In one of the finest monologues in this scrapbook of women’s reminiscences about apparel and its associations, Felicia Fields describes the trauma of losing a favorite shirt; it comes to take on a sort of mythical sense of importance and irreplaceability. Never mind, Fields’s character casually mentions, that she’d broken up with her boyfriend around the same time the shirt disappeared; this is no transference, swear to God. “I eventually had to resolve,” she finishes wryly, “to be thankful for the time I had with the shirt.”
That’s representative of this enjoyable, innocuous evening, adapted by Nora and Delia Ephron from the memoir by Ilene Beckerman and performed by five women seated at music stands. The Chicago production, which kicks off a national tour, opens with an all-local cast; the Off Broadway production in New York has run for two years by regularly rotating in new cast members.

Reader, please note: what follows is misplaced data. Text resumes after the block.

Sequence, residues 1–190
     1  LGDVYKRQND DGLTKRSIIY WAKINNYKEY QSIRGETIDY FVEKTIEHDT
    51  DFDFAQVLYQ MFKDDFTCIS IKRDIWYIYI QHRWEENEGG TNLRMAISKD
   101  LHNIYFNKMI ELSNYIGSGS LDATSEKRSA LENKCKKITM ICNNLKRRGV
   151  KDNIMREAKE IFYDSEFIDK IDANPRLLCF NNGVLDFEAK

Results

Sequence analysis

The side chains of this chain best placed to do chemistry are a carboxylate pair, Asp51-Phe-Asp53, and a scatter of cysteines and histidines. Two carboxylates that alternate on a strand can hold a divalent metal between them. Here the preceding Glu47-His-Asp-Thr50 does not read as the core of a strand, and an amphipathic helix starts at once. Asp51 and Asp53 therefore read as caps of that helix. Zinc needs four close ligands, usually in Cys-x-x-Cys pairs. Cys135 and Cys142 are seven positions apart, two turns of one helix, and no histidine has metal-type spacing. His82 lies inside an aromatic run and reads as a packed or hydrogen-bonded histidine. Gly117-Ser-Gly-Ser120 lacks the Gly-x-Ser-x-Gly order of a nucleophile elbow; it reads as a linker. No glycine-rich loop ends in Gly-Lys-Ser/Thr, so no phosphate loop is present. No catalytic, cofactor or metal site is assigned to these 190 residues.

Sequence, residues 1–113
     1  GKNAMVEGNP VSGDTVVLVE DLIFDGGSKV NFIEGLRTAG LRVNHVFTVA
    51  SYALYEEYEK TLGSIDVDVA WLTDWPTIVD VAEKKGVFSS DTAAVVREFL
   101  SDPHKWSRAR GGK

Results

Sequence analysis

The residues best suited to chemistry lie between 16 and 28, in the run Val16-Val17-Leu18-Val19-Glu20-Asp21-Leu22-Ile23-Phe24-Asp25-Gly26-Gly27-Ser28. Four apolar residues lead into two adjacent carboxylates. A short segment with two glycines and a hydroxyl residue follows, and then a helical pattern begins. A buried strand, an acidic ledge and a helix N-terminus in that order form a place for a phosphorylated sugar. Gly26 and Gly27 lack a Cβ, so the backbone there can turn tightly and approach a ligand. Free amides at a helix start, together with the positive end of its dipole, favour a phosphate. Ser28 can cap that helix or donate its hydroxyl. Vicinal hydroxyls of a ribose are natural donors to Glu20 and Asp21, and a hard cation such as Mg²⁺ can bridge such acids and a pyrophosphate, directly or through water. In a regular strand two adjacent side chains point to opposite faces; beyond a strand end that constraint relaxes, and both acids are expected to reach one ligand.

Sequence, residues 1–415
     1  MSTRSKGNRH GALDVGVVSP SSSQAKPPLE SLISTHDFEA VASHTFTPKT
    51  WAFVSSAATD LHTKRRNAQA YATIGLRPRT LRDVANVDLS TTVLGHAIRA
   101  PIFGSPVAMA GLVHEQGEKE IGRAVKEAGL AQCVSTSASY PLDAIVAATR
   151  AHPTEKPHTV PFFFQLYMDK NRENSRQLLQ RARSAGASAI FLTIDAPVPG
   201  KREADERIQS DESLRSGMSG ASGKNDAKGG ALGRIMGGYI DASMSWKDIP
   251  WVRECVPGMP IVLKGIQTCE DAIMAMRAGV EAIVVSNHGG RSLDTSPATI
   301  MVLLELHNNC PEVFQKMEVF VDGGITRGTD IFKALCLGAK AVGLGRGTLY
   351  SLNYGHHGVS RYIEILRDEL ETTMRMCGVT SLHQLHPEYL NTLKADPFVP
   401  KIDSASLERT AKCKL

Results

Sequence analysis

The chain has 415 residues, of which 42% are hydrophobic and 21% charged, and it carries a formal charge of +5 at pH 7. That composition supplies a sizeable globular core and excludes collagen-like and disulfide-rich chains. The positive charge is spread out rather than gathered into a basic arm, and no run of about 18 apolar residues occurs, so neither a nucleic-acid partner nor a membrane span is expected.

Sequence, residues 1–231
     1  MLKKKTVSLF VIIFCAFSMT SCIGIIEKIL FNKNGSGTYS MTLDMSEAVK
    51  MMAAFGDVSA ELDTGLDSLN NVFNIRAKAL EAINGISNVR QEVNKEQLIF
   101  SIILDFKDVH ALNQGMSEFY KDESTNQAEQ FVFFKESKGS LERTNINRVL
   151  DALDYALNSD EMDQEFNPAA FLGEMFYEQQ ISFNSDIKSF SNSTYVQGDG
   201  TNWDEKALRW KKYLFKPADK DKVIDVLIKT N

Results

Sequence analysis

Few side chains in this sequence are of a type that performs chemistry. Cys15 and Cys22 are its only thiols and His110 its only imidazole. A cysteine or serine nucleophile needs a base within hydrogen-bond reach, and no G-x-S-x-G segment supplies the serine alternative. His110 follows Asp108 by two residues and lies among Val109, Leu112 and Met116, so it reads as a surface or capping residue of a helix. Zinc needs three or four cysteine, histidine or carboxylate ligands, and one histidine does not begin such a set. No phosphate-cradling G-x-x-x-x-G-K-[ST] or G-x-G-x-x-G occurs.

Beckerman’s memoir forms a spine for the piece, with excerpts read by Barbara Robertson; the Ephron sisters complement it with anecdotes from their own friends about prom dresses, fitting rooms and distinctive bathrobes, and the memories they trigger about mothers, sisters and lovers. To be sure, these stories are from the type of women who grew up to be friends with Nora and Delia Ephron; we’re allowed to rifle through a strikingly Manhattancentric, privileged collection of closets. But the stories are so well-observed and well-told, they can pass for universal.
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